Sean: I plan my season at the beginning of the year, so in January/February I have a very good idea of how many events I’ll be doing In the season. This will vary from competitor to competitor but I believe I am doing the most comps of any competitors on the World Cup circuit!
 
Climbing Together: If you face a route that seems like it might be too challenging or you can’t figure it out, what goes into the decision to conserve energy or give it your all? 
 
Sean: Generally, at the level we are at, you never think a move is “impossible” just that you might have read it wrong. Spend a bit more time making sure you are doing the right thing, look for small tricks or things to make it easier and do a quick efficient try.
 

Climbing Together: Can you share an example or two of lessons you’ve learned when competing that might be helpful to someone looking to get involved?

Sean: Being a good competitor is not about doing the hardest moves imaginable but being able to problem solve and think on your feet. You must be able to route read, get into the mind of the route setters and do any “style” of problem. Have fortes and weaknesses are not a problem so long as you work on your weaknesses.

 

Climbing Together: Being able to travel to all these different areas and countries to compete sounds very appealing. Do you have time to enjoy the areas, embrace in the culture, or explore them? If so what are some things you are drawn to when entering a new place?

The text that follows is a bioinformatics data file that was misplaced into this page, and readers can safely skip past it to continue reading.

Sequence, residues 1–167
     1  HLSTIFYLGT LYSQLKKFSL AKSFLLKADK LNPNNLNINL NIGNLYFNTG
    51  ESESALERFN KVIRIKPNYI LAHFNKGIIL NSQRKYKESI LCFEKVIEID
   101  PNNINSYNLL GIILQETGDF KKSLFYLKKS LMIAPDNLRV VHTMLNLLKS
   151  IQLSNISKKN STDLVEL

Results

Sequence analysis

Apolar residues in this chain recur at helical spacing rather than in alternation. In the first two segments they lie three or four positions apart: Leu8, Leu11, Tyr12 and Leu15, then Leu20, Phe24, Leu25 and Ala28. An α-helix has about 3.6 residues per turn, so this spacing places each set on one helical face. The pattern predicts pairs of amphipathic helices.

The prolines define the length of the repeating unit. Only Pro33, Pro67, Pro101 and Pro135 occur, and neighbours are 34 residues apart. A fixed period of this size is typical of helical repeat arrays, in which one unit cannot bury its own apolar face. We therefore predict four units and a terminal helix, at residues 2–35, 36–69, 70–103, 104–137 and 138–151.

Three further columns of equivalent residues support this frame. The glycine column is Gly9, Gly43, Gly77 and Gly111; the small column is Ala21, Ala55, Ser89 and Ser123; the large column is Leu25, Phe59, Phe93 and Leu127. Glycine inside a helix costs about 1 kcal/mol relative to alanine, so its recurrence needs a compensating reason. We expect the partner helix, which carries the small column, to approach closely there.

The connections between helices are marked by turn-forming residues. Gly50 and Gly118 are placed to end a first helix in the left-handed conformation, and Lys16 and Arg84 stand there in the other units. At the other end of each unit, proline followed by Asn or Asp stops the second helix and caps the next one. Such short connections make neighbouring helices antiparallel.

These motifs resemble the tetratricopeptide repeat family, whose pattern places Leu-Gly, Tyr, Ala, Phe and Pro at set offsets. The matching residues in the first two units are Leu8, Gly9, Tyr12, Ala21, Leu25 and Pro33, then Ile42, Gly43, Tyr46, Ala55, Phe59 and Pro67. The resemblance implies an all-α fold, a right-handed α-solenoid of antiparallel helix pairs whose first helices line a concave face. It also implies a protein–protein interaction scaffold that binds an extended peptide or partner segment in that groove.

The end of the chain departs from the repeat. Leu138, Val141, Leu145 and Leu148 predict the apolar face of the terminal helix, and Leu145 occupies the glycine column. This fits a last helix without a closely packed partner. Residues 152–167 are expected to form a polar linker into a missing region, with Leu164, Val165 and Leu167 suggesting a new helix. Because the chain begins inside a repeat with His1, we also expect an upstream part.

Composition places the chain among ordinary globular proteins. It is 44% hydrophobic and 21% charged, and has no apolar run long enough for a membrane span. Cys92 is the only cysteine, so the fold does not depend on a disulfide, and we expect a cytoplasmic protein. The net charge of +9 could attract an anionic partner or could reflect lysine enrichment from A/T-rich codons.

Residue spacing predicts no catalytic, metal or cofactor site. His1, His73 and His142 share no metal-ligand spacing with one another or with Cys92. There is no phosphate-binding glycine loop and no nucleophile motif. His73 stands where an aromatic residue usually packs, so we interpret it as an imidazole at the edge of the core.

Sean: I can enjoy the areas I travel to as much as I want. Sometimes I like exploring the city and cultures, other times if I’ve already done it, I just skip it and rest for the next competition.

 
Climbing Together: Watching you in these past competitions has been really great. You always seem to have a good attitude about the climbs and have a lot of fun with them. Of course, your climbing is very strong and inspiring to watch as well. What are some goals or things people can expect to see from you in the next few months?
 
Sean: Although my schedule is not a secret, I don’t share my goals with the general public unless I want to. One of my goals will revolve around the World Championships in September.
 
Climbing Together: As climbing grows as a sport, there are a lot of areas being explored like training, nutrition, access, how far climbers can push the next grade, etc. Is there a certain area you are particularly interested or excited to hear more information about?
 
Sean: I am interested in seeing how fast the sports science catches up to our sport. That is to say, I want climbing to get more geeky, there is so much information about athleticism out there and not much is used for climbing. In the coming decade, the best climbers won’t just be good at climbing but very good overall athletes!
Thanks again for your time and all the great answers! Good luck on your future endeavors. We can’t wait to watch what you do next. 
sean 2

Borrowed from Sean McColl’s facebook page. Vail World Cup Bouldering